Plastic Not So Fantastic... The Problem With Plastic Waste Pollution
July 4, 2018
Here at Psychi it’s our first day back from our ‘Beach Bouldering’ trip to the most westerly peninsular on the British mainland - Ardnamurchan. We’d been eyeing up the spot for a while on account of it’s decent gabbro rock, turquoise waters, and remoteness, and the place did not disappoint. It was a weekend of freak unending sun, idyllic bouldering and coastal scrambling in one of the most untouched coastlines on the Scottish west coast.
What we didn’t expect to see on the other hand was the abundance of washed up plastic from all over the world. Jerry cans from Russia, water bottles from Europe and fishing equipment from all four corners, all dumped by the occasional high tide and wedged into the rocks and crevices. It’s a problem that we are running into more and more on our frequent camping and climbing trips. We always make a point of leaving an area better than we found it by picking up everything we can.
It’s becoming more and more apparent, however, that the real problem here isn’t necessarily lazy people leaving their rubbish behind (although I will admit this happens far too often) but it’s simply the shear amount of plastic humans produce and use. None of this stuff disappears and yet we’ve used and continue to use it as a viable disposable material, for almost everything. We can’t buy six apples without them being wrapped like some sort of ‘how many resources can we waste on one product pass the parcel’. The good news is, there has been a big push in awareness over the last year, with reductions in ‘one use’ plastic items and ocean clean up companies leading the charge against floating plastic islands, and beach cleans.
This has all got us thinking about our own responsibilities as a company. As keen outdoor types we’ve been sat round many campfires angrily discussing the mind of a person that will camp in an area to enjoy its beauty, and then leave a fire pit full of half melted polystyrene and a bag of beer bottles buried in the exposed root system of an oak tree. But if we’re using plastics for our
packaging and fulfilment, and clearly some of that plastic must be ending up in the oceans and wild places, are we really any further above them morally? The obvious, but not always easy way to solve this global epidemic is by reducing the demand for plastic products. Which is why here at Psychi we will be working over the next year to swap any of our plastic packaging to eco friendly brown paper/card alternatives, as well as changing all of our delivery packaging to biodegradable mailing products. But we haven’t stopped there. We are also looking into our international freight and the impact it has on the environment. With much of today’s business being conducted from a computer screen and the world moving towards an online form of retail we have to be conscious of the ecological impact this has. For many of us our main form of shopping is online retail, and before any product arrives with you it has already been well travelled. As one of these online retailers we understand our responsibility to ensure that we have a smallest carbon footprint possible, whether that be shipping products from within the UK or from the far east. Air freight and sea freight are the two main options for shipping products in from overseas suppliers, air freight being the quick option and sea freight taking much longer to arrive. As you can imagine, air freight comes with a hefty carbon footprint which is why we are moving towards a sea freight only import model. Sea freight emits roughly 15g of CO2 per tonne of cargo per km moved , compare that to the 545g of CO2 emitted by air freight over the same weight/distance.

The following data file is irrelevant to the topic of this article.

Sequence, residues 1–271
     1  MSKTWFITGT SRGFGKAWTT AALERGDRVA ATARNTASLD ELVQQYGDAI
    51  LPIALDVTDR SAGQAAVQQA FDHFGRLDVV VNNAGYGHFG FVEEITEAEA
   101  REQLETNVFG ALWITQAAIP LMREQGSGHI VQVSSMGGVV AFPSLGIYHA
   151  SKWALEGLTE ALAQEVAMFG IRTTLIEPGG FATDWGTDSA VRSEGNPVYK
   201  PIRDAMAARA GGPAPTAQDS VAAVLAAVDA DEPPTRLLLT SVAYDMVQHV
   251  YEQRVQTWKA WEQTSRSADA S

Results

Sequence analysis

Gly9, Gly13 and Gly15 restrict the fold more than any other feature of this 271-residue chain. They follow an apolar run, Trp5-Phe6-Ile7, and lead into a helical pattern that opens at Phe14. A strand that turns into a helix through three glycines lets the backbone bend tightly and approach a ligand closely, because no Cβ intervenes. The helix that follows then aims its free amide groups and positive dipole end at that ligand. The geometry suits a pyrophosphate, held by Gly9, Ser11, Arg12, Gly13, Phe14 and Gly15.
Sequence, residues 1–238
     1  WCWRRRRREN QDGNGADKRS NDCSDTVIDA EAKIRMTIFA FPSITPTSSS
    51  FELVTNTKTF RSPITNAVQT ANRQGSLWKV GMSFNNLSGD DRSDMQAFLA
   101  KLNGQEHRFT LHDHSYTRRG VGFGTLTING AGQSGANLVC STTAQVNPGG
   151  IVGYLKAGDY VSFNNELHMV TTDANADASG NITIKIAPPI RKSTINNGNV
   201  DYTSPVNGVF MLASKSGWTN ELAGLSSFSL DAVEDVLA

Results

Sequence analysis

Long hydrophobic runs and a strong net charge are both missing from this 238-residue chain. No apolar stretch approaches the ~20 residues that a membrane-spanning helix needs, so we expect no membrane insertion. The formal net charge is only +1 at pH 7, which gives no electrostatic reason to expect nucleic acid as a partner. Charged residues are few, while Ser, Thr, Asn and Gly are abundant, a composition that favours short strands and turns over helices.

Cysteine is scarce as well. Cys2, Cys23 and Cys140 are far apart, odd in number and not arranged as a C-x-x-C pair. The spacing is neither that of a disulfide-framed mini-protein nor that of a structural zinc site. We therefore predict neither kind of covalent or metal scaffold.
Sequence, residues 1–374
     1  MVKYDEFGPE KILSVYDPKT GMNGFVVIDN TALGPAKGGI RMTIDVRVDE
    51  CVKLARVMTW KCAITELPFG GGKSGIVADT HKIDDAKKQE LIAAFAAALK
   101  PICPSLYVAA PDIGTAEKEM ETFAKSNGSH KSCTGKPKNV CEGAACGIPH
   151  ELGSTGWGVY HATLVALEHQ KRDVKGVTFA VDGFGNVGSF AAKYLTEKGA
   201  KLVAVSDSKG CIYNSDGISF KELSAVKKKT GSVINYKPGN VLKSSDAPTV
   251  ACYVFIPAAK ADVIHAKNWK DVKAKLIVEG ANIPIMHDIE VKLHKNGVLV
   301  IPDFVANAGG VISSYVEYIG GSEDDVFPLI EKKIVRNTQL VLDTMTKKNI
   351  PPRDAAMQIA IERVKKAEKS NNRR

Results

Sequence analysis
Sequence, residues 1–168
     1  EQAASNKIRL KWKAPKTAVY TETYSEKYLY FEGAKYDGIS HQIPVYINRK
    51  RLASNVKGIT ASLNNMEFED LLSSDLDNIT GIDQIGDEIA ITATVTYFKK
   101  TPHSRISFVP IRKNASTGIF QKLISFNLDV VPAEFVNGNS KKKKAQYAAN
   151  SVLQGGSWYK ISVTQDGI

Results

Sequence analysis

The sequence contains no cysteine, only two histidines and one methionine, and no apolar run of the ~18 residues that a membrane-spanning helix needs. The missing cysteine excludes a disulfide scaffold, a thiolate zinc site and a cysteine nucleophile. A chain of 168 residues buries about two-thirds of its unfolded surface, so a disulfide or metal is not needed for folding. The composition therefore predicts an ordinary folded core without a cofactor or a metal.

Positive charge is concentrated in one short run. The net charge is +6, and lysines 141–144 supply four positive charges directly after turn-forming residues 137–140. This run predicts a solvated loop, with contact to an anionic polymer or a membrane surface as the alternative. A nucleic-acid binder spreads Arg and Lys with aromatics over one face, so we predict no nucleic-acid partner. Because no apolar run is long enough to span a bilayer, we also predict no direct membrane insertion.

Our international shipping company are also looking into solar assisted cargo ships which will drop these sea freight figures drop even lower. Also, in the interest of transparency, another reason we will be exclusively using sea freight is, simply, it is much cheaper, meaning we can bring products in at a lower price and continue to offer you great value across our range. We hope that these kind of policies will become the norm everywhere sooner rather than later, but we’re excited to start doing our bit to preserve the wild places we all love.